There is no one correct way to value a business. Facts and circumstances affect valuation, and it wouldn't be unusual that an agreed-upon value is the result of combining several or more methods.
Book value, typically calculated as assets less liabilities, is one of the simplest methods. In most cases, simple book value must be adjusted to more appropriately reflect fair market value.
Valuation by means of a formula can take many variations. The factors that the IRS considers will be incorporated into various formulas. Two frequently used formulas are:
- Appraised Future Cash Flow This method looks at the present value of anticipated future income or cash flow generated by the business. In effect, the valuator capitalizes the company's current earnings.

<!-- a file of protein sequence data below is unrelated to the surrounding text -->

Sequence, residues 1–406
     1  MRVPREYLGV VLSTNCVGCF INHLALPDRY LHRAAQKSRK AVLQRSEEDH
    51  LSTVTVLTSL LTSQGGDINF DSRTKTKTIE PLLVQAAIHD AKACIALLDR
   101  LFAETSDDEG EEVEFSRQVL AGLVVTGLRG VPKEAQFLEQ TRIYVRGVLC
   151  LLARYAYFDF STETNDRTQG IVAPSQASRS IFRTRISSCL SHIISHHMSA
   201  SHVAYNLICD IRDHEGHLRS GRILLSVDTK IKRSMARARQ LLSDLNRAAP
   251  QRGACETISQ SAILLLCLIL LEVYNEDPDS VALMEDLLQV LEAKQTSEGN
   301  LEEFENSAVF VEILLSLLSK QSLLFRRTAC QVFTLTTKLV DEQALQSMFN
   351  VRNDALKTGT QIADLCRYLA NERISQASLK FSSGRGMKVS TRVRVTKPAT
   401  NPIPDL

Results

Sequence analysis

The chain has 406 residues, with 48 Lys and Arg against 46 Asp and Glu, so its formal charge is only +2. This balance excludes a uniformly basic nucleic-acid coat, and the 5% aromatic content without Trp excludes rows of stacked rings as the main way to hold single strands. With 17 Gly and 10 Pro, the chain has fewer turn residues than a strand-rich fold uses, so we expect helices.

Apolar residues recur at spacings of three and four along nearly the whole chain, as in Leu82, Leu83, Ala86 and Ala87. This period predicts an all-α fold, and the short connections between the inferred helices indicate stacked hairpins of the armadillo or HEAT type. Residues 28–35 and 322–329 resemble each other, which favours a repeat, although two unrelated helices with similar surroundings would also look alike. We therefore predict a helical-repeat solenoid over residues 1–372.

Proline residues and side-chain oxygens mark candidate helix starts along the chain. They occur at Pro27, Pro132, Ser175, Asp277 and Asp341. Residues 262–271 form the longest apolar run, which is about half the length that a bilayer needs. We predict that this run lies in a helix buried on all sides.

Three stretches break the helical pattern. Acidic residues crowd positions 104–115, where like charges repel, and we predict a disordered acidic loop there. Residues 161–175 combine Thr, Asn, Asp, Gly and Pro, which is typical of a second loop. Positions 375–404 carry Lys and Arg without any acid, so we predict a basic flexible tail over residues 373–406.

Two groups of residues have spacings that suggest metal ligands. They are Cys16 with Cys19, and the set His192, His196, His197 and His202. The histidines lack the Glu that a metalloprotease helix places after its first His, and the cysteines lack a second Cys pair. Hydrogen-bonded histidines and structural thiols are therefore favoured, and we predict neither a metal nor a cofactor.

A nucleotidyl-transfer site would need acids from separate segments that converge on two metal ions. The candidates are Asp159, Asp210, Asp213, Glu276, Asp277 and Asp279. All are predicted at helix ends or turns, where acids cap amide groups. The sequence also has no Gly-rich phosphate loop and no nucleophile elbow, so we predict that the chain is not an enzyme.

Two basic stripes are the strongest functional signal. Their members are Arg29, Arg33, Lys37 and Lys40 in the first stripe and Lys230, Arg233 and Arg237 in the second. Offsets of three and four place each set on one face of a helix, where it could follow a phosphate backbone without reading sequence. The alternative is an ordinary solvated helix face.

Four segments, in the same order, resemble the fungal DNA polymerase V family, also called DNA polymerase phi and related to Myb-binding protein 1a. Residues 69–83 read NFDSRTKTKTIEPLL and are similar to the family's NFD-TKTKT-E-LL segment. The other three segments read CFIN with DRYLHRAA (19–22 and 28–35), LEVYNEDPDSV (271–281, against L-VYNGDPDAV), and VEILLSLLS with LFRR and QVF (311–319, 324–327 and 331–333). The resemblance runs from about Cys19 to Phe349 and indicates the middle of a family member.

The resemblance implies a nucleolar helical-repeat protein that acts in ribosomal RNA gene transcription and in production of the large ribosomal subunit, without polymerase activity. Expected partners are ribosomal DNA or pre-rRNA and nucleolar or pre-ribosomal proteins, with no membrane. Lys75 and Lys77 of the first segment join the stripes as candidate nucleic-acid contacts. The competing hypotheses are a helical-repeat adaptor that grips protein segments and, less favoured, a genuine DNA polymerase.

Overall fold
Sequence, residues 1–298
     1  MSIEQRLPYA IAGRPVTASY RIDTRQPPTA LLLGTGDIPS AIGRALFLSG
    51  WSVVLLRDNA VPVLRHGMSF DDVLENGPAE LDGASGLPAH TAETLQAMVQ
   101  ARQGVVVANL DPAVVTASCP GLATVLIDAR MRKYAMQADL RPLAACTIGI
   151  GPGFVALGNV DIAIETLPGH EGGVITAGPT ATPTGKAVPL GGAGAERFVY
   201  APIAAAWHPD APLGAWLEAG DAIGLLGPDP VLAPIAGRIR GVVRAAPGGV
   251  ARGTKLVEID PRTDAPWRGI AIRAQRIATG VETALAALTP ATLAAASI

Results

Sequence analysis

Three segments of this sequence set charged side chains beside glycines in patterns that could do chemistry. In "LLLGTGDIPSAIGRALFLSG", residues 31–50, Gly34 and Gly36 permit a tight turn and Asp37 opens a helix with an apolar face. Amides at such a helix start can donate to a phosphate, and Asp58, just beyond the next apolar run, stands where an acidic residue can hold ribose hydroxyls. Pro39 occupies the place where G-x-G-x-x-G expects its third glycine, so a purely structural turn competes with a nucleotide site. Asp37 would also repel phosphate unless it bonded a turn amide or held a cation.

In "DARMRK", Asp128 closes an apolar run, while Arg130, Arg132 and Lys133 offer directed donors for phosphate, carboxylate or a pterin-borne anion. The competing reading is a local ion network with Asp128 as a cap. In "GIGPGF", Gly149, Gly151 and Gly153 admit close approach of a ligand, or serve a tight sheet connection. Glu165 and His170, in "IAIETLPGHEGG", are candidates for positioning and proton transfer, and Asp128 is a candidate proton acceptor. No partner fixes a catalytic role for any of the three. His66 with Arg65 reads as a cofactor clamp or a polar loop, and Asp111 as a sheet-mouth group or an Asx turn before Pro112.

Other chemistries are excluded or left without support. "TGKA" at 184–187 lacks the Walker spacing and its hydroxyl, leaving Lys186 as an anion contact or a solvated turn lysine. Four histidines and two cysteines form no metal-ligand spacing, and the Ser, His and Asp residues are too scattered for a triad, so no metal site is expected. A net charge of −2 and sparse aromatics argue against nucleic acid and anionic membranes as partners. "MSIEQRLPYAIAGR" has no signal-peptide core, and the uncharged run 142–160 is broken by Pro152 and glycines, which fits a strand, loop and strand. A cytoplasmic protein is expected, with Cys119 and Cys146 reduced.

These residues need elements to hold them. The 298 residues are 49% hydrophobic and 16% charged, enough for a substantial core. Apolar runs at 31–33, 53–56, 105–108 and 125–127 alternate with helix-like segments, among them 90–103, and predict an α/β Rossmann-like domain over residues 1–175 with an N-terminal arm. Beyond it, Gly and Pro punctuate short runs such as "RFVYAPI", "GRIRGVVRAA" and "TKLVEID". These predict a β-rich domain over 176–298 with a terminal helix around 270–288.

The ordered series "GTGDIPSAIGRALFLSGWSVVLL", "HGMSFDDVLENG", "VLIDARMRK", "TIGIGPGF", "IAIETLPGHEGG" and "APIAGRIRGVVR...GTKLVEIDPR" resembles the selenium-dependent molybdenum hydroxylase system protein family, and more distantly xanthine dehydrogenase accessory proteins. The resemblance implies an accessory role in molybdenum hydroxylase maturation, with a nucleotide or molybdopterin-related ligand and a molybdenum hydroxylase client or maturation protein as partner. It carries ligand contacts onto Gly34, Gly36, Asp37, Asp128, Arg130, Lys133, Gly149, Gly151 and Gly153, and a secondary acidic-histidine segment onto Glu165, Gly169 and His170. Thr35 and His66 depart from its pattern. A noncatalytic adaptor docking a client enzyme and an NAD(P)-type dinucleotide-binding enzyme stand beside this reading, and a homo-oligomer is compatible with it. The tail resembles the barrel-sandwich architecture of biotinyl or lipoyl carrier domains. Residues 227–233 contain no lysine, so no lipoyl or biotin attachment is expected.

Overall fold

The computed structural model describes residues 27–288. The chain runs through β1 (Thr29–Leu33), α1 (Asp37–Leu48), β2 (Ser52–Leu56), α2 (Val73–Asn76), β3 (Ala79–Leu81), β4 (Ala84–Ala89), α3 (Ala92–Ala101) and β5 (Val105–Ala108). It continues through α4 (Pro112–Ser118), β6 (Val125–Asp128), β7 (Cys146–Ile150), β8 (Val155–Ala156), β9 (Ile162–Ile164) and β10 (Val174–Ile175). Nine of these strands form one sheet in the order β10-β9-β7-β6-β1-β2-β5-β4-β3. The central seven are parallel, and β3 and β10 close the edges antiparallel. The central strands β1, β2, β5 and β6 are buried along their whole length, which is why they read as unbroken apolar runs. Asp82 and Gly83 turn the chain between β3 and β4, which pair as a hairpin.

- Capitalization fo Earnings capitalization of earnings method is well-suited for valuing a company whose earnings can be reasonably predicted - constant earnings, growing earnings, or intermediate-term growth followed by constant earnings.
Appraised value is accomplished through a third party. This is the most expensive way to establish the value of a business. If an appraiser is hired, the appraiser should be certified.
Business Owner's Estimate
The agreed upon value is just that. It is the owner's best estimate of what the business is currently worth.